The Darndest and the Most Heavenly Things

I have a lot of catching up to do (it has been a summer!), but in the meantime, there’s this.

Last year my neighbor, mother to a then 4-year-old boy commented about how suddenly he was very interested in death, dying, mortality in general. I couldn’t imagine (nor did I want to imagine) my then-2-year-old Elijah Bean thinking about those things, despite knowing that it was normal and developmentally approriate. But sure enough right after his 4th birthday, while on Harvey’s morning walk, Elijah started drawing from the recesses of his brain and asked about two friend’s pets who died last year. You could see the gears working as his gaze wandered over to Harvey.

“I don’t want Harvey to die.” I told him that I didn’t want Harvey to die either, but that hopefully it wouldn’t happen for a long, long time. I held my breath, hoping the conversation would stall there for at least another few years. A little later now inside, he looked up at me suddenly.

“Are YOU going to die?”

I believe in telling the truth, and well, there’s no getting around that one. “Yes, baby, but hopefully not for a long, long time.”

He stood there silently for a moment and then said, “I don’t want you to die. I want to keep you forever.”

I still remember the way my heart felt when I realized my own Mother could and would die. I remember the words “I don’t want you to die” spilling out of my mouth just before the tears spilled out of my eyes. I was standing in the doorway of my sister’s bedroom in our old house. I can’t remember exactly how old I was, but just thinking about it, I’m taken back to the enormity of the realization, the overwhelming hugeness of the concept of the death of my.own.mother.

My parenting motto, should anyone ask me is: “Don’t die.” There is so much competition, so much petty crap that all of us parents fall into with regards to how we are raising our children: Are we raising perfectly disciplined children who can sit through 4 hour meals like the French? Will my children be able to read in three languages by the time they are six? But really it all boils down to this: for most of us, the most important thing is that we are there for them. As in like we still exist on this planet. And that is what I hope and pray and ask for every day.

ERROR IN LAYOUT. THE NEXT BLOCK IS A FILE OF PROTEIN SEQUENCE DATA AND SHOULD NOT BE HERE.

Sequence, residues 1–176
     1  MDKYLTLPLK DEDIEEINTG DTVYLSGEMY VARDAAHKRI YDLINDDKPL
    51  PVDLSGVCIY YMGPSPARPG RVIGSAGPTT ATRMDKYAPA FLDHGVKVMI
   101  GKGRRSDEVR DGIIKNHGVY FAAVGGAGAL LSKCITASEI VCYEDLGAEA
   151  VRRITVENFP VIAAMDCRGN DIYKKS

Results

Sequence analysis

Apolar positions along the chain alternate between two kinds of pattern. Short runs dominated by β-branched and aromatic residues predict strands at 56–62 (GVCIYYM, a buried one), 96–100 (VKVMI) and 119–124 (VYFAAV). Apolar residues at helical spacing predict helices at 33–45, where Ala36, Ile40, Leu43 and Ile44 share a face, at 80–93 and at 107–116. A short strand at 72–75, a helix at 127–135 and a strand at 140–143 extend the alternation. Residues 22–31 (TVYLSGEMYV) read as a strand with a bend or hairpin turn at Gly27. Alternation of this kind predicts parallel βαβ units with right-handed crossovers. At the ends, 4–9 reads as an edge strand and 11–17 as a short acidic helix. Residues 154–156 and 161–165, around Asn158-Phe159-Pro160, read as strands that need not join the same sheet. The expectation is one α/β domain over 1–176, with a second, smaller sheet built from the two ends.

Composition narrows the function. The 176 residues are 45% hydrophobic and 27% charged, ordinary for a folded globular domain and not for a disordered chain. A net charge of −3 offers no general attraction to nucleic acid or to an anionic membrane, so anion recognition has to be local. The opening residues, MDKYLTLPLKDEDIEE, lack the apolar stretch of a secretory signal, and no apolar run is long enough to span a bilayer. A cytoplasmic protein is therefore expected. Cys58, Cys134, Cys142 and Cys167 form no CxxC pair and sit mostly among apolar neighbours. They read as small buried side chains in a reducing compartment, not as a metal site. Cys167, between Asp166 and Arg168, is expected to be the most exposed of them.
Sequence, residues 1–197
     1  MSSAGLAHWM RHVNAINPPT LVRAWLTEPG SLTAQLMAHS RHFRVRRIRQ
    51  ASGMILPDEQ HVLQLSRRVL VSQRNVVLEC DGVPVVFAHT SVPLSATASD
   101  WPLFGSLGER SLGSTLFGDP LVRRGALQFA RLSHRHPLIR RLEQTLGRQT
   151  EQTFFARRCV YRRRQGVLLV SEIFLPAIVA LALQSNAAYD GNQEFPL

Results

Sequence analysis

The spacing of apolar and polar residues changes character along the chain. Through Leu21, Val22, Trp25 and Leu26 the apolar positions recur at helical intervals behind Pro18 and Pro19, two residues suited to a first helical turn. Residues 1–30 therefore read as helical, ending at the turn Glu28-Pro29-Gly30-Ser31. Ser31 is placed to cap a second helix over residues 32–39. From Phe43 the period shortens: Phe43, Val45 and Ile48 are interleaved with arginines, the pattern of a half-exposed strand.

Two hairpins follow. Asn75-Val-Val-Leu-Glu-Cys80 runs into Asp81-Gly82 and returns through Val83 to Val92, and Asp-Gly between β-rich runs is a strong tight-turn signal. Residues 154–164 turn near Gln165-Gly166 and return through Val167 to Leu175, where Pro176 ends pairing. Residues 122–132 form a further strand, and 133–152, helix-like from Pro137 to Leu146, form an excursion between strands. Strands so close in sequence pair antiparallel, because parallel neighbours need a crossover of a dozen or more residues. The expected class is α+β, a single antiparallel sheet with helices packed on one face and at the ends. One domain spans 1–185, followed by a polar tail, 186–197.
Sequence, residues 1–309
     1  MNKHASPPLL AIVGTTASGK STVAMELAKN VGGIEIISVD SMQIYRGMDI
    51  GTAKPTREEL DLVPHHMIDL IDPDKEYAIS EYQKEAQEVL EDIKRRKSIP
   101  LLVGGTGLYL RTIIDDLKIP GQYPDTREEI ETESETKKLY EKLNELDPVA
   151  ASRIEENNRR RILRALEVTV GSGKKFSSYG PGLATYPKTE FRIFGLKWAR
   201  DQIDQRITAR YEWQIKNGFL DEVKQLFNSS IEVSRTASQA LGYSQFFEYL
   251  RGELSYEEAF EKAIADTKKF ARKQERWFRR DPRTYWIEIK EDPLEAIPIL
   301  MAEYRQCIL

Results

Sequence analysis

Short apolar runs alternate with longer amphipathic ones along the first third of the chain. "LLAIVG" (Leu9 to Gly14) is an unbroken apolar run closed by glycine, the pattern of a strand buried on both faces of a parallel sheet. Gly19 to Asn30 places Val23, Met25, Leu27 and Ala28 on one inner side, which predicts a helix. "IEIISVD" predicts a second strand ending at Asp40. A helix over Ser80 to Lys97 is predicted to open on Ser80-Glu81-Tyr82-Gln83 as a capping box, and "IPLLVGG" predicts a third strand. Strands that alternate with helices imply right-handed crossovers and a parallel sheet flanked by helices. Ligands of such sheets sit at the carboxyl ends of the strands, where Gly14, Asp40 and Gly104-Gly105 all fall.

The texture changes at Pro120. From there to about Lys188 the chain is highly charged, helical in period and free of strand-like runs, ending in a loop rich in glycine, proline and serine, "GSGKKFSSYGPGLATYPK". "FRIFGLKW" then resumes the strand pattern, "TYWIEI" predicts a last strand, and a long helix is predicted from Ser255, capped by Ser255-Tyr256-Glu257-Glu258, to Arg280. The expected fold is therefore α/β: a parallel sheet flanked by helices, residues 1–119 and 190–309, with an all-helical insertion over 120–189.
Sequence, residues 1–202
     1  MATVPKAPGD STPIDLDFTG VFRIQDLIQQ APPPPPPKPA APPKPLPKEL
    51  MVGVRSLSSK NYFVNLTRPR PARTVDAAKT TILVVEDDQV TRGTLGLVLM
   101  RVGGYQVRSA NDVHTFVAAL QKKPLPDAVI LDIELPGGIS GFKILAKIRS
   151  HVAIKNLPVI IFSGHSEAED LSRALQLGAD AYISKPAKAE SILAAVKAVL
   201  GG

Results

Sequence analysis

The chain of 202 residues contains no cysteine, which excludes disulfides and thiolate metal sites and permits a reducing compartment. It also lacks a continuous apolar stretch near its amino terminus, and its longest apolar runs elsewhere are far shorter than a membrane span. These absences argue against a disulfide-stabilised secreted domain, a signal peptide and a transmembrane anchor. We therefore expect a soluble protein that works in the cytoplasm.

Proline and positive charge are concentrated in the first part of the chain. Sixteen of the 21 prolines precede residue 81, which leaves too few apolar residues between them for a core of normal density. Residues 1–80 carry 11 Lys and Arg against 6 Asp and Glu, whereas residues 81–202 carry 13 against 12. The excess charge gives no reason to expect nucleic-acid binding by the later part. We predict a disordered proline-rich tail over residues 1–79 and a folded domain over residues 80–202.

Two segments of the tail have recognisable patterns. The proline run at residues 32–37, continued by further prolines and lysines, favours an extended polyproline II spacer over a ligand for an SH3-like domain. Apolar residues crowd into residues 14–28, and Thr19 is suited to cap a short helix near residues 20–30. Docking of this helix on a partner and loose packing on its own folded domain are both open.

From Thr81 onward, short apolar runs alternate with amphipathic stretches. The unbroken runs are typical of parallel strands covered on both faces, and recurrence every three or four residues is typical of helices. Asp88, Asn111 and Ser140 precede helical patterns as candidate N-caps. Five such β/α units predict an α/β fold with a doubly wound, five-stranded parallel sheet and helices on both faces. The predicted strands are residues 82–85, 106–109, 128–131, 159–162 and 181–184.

Today, while Elijah was watching me partake in a belly dancing DVD during Remy’s nap, apropos of nothing, he said, “When people die, do you see them again?”

Because I haven’t taken a definitive stance on what exactly happens when you die and where you go (and I likely won’t until I gain that particular experience), I stuck to the basics: heaven, people’s love stays with us even if we can’t see them in person, etc.

To which he responded: “When you go to heaven do you see other people who have died?”

I recently read The Lovely Bones (finally! I know I am the last person in the world to read it, but the wait was worth it, and I think being a parent made it an even better read), and one of my favorite parts was when the narrator’s dog arrives in heaven and is so excited to see her that he nearly knocks her over. With that in mind, I heartily assured Elijah that yes, you do.

And then he smiled and said, “It’ll be exciting to go to heaven.”

Followed by: “Dogs sleep on clouds there, right?”

I can’t say how much of these conversations are staying with him, but they haunt me. Regardless of our faiths and whether they dictate to us a certain after death reality, I think for most of us there remains some uncertainty as to the nuts and bolts of concepts such as eternity. As a mother (and a wife, daughter, sister, friend, among other things), I personally want to be able to reassure my loved ones that everything will be okay and that we will all be taken care of and together. So even if everything I have told my four-year-old is a lie, it’s a lie I am willing to tell for now.

And lest you think it’s all doom and gloom around here, let me give you another conversation that took place less than an hour later, while Elijah was eating a couple of Newman O’s.

With mouth full: “These are so good…I can’t stop eating them.”

Munch, munch.

“I could eat, like, an entire bag.”

Pleasure in the small things; it’s what living is all about anyways, right?

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